SPOILER ALERT: This story contains spoilers for “All-New X-Men” #23, on sale now.
Life’s not easy if you’re a young Cyclops. First, he and the rest of Marvel‘s Original Five X-Men were transported from the past to the present, where he learned that the present version of himself ended up being possessed by the Phoenix, and killed their mentor, Professor Xavier. Things haven’t gotten much smoother for the teenage Scott Summers since then, ranging from explosive encounters with evil future mutants to romantic frustrations and altered allegiances.
Luckily, some good news came in the form of this week’s “All-New X-Men” #23 by Brian Michael Bendis and Stuart Immonen. The issue contained the revelation that Cyclops’ father, Christopher Summers — better known as space pirate Corsair, leader of the Starjammers — is in fact alive, after having been presumed dead since the 2007 storyline “The Rise and Fall of the Shi’ar Empire.”
So what’s going to get Scott out of this funk? Outer-space road tripping with his dad, as detailed in a new “Cyclops” ongoing from the team of writer Greg Rucka and recent “Nightwing” artist Russell Dauterman. Rucka, returning to Marvel following his 2011-2013 run on “Punisher,” spoke to CBR News exclusively about the unique father/son dynamic of the new series, set to debut in May.
CBR News: Greg, recently your comic book work has focused more on the creator-owned realm: “Lazarus” has been a success at Image, “Veil” debuts in March at Dark Horse and “Stumptown” returns at Oni Press this summer. What was intriguing about returning to Marvel with “Cyclops?”
Greg Rucka: I was offered the book by [editor] Nick Lowe, and he basically said that he had been talking to Brian Bendis, and he had suggested me, because, I believe as Bendis put it, “Greg’s got a son about Scott’s age, and it seems that could be a really good fit.” And that was how Nick sort of pitched it.
I thought about it, and I was like, “Well, that sounds like it would be a hell of a lot of fun. Let’s try it.” There are a whole lot of irons in the fire right now, and timing for a freelancer is everything: When there’s a gap in the schedule, when you’re free, when you’re not, what’s coming up, what fell through and what didn’t. This was the right offer at the right time. â€¨â€¨It feels like I’ve been misquoted about this: I’ve never felt like, “Eh, fuck work-for-hire.” Work-for-hire has been very, very good to me, in many, many ways. It is a privilege, more often than not, to get to work on iconic characters. You’re talking about Scott Summers. Come on! This is a cool opportunity.
It sounds like you still have plenty to say in the work-for-hire world.
I was talking to another creator yesterday; he made the comment, “The thing is, I could write other stuff” — I’m sort of paraphrasing here — “but I genuinely love this.” You can’t diminish that. These are characters and stories and books that have had huge impact and meaning on my life, personally, not to even begin to talk about what they mean to other people.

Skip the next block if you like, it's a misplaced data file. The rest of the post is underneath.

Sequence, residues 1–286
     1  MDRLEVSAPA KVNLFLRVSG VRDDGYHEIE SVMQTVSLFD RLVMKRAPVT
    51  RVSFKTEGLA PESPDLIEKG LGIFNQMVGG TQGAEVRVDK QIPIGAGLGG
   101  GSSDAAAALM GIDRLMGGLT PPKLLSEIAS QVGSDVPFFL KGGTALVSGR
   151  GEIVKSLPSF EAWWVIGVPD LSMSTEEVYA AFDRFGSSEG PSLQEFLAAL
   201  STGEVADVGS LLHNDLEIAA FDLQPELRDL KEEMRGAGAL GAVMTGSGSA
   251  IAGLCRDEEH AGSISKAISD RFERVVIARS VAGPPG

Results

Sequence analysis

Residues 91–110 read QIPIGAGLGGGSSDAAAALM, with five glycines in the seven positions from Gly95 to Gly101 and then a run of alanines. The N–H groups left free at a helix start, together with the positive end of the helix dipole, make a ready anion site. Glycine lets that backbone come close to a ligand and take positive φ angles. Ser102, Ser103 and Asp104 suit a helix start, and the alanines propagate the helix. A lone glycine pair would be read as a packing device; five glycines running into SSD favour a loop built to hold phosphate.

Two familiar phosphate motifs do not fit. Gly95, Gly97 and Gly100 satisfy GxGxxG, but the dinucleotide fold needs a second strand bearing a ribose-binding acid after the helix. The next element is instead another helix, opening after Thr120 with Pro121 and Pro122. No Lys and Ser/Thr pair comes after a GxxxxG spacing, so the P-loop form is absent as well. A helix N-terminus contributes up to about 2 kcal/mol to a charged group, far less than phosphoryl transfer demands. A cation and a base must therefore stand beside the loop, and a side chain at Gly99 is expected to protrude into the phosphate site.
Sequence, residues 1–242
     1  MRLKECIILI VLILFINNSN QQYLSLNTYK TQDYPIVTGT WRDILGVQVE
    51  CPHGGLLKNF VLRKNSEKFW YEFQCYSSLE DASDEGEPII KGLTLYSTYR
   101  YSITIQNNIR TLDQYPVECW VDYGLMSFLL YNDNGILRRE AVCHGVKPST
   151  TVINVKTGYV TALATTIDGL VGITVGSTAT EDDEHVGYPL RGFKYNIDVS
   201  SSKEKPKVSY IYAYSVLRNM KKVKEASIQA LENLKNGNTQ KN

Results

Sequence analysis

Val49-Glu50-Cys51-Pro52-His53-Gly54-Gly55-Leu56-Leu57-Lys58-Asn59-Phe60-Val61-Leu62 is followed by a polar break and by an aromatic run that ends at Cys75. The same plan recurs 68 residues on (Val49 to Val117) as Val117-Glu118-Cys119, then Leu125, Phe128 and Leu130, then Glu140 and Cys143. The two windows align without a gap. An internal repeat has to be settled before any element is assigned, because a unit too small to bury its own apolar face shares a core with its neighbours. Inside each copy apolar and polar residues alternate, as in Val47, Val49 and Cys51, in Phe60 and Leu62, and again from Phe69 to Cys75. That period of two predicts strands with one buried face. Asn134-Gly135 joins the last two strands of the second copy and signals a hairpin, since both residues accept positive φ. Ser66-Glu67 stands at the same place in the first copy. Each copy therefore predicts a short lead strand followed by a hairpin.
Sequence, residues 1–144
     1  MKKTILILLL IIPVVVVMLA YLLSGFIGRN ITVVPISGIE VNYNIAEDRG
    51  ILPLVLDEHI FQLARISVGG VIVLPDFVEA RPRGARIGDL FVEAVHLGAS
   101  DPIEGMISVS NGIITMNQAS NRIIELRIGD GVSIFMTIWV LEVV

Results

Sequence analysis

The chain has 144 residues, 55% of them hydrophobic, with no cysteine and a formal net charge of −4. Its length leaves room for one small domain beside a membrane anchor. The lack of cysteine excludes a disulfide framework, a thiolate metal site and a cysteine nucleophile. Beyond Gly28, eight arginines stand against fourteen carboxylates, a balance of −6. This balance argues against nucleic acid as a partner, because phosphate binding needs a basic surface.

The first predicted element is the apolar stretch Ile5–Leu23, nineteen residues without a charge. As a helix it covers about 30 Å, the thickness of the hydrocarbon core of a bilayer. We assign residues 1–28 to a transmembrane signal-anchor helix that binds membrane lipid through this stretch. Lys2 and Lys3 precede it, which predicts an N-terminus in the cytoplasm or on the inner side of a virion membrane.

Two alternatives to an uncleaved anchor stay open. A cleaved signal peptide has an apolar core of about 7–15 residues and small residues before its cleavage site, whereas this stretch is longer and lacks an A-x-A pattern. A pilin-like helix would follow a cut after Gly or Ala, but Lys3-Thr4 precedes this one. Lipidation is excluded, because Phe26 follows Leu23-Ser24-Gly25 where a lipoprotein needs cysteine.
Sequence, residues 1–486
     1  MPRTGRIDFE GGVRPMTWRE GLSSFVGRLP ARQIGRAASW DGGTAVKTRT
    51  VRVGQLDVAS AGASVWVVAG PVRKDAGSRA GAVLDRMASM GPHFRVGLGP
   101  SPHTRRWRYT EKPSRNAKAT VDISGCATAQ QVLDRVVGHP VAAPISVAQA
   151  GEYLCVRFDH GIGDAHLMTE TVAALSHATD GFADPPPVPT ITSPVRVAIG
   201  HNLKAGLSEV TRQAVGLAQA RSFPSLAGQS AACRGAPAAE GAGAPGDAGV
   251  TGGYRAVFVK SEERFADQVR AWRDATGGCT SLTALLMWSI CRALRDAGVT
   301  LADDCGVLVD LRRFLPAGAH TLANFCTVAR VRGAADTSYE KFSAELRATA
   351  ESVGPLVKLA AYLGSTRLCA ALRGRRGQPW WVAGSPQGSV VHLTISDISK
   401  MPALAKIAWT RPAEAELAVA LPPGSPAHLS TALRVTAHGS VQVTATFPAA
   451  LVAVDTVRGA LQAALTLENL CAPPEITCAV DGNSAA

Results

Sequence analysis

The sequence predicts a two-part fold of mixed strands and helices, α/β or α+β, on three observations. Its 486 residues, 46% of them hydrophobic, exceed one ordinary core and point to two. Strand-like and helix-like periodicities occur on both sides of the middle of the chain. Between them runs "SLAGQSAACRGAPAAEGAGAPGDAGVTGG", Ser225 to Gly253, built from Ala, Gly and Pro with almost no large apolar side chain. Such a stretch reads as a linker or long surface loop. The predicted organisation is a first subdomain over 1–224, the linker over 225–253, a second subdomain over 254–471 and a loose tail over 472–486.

It’s the right thing for now, and it’ll be fun. I think that’s important, too. I think Scott needs a little fun. That’s something that we really want to try to bring to the book.
Is Cyclops a character you’ve always seen potential in and enjoyed? Over the years he’s had a bit of a bad rap with some fans, but there are also the people who really love him — and lots of interesting stuff done with the character in recent years. What was your take on Cyclops going into this book?
When I started reading “Uncanny” way back in the day — and I mean way back in the day — there were characters I loved, and there were characters that I was kind of “meh” about. I was “meh” about Scott at the start. I had been collecting for about a year and a half, and I came to a realization — “Why is it that I feel like I haven’t connected with this guy?” Then the penny dropped for me, which was, “Oh, because he and I are an awful lot alike.” [Laughs] We’re very serious people; we take our responsibilities very seriously, we expect others to do the same, and we’re often frustrated by their lack of doing so. And we internalize a lot. If I were an X-Man, I’d probably end up being Scott — but I’d be the Scott who never, ever, ever managed to make anything work with Jean. [Laughs]
There’s something Gary Cooper about him that I really like. There’s something about this kid — and I’m looking at him very much as a kid; for our purposes he’s 16 — he’s really trying to figure out how to be a stand-up man. Right now, he’s got an example that he’s not in love with. The stand-up man version of himself is problematic!
I really like the character. I’m not sure Scott will ever be “cool.” Logan’s always going to be cool. Scott’s the guy who gets stuff done.
Right — Scott being “uncool” is part of the appeal of the character.
One of the duties of the X-Men — we’ve talked about this for years and years — is the metaphor of being the outsider group. One of the things that Marvel has always done so well is talk about teenage trauma, and the difficulties of that. In so many ways, Scott is perfectly that. He is a young man trying to be a good man, and trying to stand for what he believes in, and trying to figure out how to love, and how to make new things work, and how to be responsible for other people — which is a huge thing.
Scott’s always been a little too mature for his own good; certainly, young Scott. I find that incredibly appealing.
A big part of the “Cyclops” book looks to be the dynamic of the father/son relationship in this series between Cyclops and Corsair — would you say that’s the defining aspect of the series?
There’s a line in the first issue where Chris has been talking to Hepzibah, and Hepzibah basically says, “Look, all he wants is time with his father.” Chris is like, “I’m not sure I know how to be his father.” Near the end of the issue, there’s a moment between Scott and Chris, and Chris says, “I’m pretty sure I suck as a dad.” Scott says, “That’s alright, I suck as a 16-year-old.” Chris says, “I’ll tell you a secret, Scott: We all suck as a 16-year-olds.”
This is a story about the two of them. At the heart of everything we’re going to do here, it’s about these two. When you think about that 16-year-old Scott, what he’s carrying into this is pretty obvious. “I’ve spent eight years as an orphan, I’ve moved from place to place, and some places have been awful. I got to a place that was a good place, relatively, I had a father figure in Xavier, and I had a purpose — and then all of that got disrupted. And then here comes my real dad, and he’s Han Solo!” So that’s awesome right there.